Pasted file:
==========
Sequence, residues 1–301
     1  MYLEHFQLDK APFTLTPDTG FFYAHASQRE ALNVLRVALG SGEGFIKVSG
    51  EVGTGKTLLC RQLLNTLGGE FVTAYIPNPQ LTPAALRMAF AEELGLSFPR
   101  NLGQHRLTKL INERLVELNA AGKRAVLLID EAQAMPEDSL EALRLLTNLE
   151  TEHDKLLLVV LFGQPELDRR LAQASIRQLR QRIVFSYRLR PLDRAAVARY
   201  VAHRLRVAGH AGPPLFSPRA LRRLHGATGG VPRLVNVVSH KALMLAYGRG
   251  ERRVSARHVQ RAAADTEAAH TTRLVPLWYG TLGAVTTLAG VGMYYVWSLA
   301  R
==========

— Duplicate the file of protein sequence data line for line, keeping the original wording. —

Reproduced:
Sequence, residues 1–301
     1  MYLEHFQLDK APFTLTPDTG FFYAHASQRE ALNVLRVALG SGEGFIKVSG
    51  EVGTGKTLLC RQLLNTLGGE FVTAYIPNPQ LTPAALRMAF AEELGLSFPR
   101  NLGQHRLTKL INERLVELNA AGKRAVLLID EAQAMPEDSL EALRLLTNLE
   151  TEHDKLLLVV LFGQPELDRR LAQASIRQLR QRIVFSYRLR PLDRAAVARY
   201  VAHRLRVAGH AGPPLFSPRA LRRLHGATGG VPRLVNVVSH KALMLAYGRG
   251  ERRVSARHVQ RAAADTEAAH TTRLVPLWYG TLGAVTTLAG VGMYYVWSLA
   301  R